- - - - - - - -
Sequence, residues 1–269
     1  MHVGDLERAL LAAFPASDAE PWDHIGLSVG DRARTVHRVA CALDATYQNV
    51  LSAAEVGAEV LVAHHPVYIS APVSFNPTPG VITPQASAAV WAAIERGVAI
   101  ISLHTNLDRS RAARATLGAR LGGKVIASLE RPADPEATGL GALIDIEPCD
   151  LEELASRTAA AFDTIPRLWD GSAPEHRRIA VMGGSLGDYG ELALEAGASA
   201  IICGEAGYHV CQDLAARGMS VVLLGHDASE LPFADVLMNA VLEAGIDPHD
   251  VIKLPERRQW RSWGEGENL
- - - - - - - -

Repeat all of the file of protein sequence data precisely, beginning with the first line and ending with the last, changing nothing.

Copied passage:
Sequence, residues 1–269
     1  MHVGDLERAL LAAFPASDAE PWDHIGLSVG DRARTVHRVA CALDATYQNV
    51  LSAAEVGAEV LVAHHPVYIS APVSFNPTPG VITPQASAAV WAAIERGVAI
   101  ISLHTNLDRS RAARATLGAR LGGKVIASLE RPADPEATGL GALIDIEPCD
   151  LEELASRTAA AFDTIPRLWD GSAPEHRRIA VMGGSLGDYG ELALEAGASA
   201  IICGEAGYHV CQDLAARGMS VVLLGHDASE LPFADVLMNA VLEAGIDPHD
   251  VIKLPERRQW RSWGEGENL